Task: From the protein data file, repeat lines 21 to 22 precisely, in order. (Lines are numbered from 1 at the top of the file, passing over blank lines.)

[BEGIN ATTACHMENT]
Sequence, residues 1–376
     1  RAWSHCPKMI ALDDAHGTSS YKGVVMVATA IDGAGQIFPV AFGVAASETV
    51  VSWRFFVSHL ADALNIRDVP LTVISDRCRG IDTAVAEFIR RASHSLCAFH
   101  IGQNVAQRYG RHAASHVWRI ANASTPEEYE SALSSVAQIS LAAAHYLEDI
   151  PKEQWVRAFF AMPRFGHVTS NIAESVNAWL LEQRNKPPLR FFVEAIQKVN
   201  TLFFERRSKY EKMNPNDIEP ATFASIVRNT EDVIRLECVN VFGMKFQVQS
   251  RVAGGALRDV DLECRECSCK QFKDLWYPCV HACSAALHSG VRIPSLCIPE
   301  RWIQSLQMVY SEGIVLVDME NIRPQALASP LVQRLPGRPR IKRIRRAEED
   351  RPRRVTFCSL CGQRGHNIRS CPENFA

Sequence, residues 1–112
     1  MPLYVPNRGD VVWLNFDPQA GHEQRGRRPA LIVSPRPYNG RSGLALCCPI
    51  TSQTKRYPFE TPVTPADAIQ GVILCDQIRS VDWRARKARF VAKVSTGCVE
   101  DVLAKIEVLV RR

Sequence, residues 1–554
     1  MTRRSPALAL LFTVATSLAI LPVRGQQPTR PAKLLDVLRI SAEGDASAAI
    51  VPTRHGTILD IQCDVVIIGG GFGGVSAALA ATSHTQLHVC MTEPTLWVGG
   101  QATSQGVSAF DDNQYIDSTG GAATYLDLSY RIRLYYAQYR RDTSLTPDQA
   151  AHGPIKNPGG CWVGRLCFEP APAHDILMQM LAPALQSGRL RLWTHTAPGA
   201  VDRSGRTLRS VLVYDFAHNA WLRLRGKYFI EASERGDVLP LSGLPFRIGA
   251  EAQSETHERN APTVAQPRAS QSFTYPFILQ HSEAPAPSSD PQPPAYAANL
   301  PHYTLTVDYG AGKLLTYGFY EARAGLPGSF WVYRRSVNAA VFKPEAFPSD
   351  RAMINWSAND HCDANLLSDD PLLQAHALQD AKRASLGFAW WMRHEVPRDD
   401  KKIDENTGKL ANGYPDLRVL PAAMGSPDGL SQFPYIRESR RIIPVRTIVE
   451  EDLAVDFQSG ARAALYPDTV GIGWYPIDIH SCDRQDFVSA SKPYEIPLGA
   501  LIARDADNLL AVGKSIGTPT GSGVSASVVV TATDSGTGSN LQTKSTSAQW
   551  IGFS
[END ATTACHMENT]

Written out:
   301  PHYTLTVDYG AGKLLTYGFY EARAGLPGSF WVYRRSVNAA VFKPEAFPSD
   351  RAMINWSAND HCDANLLSDD PLLQAHALQD AKRASLGFAW WMRHEVPRDD